Think back on your biggest regrets: You know, those “it seemed like a good idea at the time” moments. How often was alcohol a factor? We don’t know if Randy Lee Tenley of Kalispell, Montana was under the influence or not as tests results are not yet available. But I’d probably wager my last 20 bucks that he was. For the last time, alcohol should not be involved in 1) Making a decision on whether or not you go home with someone on a Friday or Saturday night and 2) Staging a hoax. Alcohol consumption compromises your decision-making ability and is responsible for delayed response times, both of which seem to be factors in this unfortunate incident. Think about it. When was the last time you heard a sober person say, “Hey, let’s throw on a Ghillie suit and run around the highway in the middle of the night so someone will call in a Bigfoot sighting.” Exactly.
For those who don’t live in Montana, a Ghillie suit is a hairy/camouflage suit worn by hunters and paintball enthusiasts. And now, apparently, they are used by guys who want to stage a Bigfoot hoax. So we’ll have Randy to thank for the now-being-manufactured warning labels similar to the ones on kiddie pools that say “No diving.” (Thank heavens for those warnings, which kept us from swan diving into 6 inches of water!) I guarantee that, as we speak, “Getting liquored up, putting this on and running around in the middle of the night pretending to be Bigfoot may be fatal” warning labels are being sewn into Ghillie suits.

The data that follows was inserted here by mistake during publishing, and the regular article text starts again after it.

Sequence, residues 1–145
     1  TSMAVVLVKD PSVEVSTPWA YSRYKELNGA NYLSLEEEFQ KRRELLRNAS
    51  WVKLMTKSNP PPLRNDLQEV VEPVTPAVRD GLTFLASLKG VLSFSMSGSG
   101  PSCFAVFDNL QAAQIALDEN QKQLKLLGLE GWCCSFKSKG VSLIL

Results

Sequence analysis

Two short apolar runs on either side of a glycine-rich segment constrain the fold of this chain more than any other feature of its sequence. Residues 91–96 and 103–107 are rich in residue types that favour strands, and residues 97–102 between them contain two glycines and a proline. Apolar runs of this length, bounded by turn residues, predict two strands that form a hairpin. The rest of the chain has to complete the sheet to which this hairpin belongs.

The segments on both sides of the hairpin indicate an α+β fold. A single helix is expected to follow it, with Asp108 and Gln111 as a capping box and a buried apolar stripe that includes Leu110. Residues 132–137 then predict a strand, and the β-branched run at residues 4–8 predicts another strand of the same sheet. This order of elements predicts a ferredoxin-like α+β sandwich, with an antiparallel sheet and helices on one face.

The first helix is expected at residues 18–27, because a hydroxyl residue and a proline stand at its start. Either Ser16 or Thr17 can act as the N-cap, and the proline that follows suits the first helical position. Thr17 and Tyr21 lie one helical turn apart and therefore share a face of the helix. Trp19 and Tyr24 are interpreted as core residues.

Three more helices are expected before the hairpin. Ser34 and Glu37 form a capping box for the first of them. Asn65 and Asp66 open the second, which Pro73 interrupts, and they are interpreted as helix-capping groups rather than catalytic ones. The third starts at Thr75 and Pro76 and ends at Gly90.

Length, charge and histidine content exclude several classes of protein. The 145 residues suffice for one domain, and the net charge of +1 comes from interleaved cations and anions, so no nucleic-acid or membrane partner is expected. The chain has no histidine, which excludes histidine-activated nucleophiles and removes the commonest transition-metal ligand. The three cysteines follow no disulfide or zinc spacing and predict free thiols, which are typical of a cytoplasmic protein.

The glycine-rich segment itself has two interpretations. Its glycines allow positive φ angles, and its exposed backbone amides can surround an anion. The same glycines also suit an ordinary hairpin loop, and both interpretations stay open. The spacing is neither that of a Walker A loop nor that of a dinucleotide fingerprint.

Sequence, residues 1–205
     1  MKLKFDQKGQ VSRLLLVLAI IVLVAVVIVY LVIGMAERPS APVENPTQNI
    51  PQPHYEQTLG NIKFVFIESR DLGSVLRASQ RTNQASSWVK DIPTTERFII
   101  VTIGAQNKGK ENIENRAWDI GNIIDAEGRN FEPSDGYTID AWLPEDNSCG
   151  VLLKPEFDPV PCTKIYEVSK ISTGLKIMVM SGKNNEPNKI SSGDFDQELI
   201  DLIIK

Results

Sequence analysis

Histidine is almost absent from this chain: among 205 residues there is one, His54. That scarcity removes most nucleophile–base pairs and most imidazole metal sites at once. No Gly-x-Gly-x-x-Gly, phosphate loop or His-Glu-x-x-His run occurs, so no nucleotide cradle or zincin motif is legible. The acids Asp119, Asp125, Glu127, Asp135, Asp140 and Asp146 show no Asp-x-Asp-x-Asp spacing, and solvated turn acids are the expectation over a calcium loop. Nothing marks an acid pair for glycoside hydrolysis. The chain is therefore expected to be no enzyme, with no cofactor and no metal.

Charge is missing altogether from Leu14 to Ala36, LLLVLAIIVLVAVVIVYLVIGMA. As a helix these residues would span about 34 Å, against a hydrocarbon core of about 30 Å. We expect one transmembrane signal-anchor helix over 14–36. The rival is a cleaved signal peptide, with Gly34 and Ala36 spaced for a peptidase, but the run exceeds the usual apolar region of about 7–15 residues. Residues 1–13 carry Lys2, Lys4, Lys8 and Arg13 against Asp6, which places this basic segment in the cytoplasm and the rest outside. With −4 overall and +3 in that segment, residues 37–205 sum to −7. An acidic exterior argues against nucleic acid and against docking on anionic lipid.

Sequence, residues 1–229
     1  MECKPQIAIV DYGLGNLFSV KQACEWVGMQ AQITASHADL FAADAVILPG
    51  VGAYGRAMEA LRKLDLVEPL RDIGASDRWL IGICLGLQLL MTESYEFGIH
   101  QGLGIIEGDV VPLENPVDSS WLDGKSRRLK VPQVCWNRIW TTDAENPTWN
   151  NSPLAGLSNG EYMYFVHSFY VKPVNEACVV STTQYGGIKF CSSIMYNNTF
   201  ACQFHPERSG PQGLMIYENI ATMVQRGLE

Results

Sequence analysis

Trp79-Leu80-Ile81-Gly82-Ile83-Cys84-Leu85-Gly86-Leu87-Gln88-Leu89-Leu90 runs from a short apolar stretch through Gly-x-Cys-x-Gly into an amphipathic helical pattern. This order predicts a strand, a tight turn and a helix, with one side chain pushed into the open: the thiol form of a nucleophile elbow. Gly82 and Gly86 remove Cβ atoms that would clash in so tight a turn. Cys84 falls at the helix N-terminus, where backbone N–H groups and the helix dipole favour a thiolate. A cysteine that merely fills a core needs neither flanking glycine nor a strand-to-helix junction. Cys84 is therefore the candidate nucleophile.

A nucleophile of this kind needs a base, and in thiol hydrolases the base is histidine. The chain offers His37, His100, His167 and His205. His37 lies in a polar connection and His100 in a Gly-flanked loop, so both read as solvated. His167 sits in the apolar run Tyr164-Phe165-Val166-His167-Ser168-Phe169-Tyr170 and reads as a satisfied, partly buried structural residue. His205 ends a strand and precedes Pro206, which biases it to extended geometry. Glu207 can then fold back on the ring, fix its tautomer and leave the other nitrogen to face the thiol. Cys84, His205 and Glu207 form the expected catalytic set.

Can’t people do stupid lame-a** stuff in other states for a while? Montanans are tired of making national headlines for things like the Unabomber and failed Bigfoot hoaxes. Now the rest of us who live in Montana are going to have to laugh right along with the rest of the country when Leno and Letterman have a field day with this. You can’t pay for this stuff. We don’t blame them. We just want the rest of the world to know that Montana isn’t just home to Freemen and Bigfoot impersonators.
God rest this poor guy’s soul. We all have people in our immediate circles who make clowns out of themselves or pull pranks to make the rest of us laugh. We love those people. But let this serve as a harsh reminder that our loved ones have to explain how we passed. How would you like to be Randy’s mom? “I’m so sorry you lost your son. How did he die?” Can you put a positive or sympathy-soliciting spin on “He was pretending to be Bigfoot and was run over”? Does Hallmark make a sympathy card that says, “In your time of loss, we just want to express our sincerest sympathies that your loved one failed miserably in his Bigfoot hoax”? How would you like to be the first responder on the scene and have to say into your radio, “We’ve got a, um, what’s the radio code for ‘guy run over after staging a Bigfoot hoax’.” What about the poor teenage girls who ran the guy over? Can’t you just hear the whispers following them down the halls of their high school? Consideration for the ones we leave behind should be motivation enough for not doing these kinds of things.
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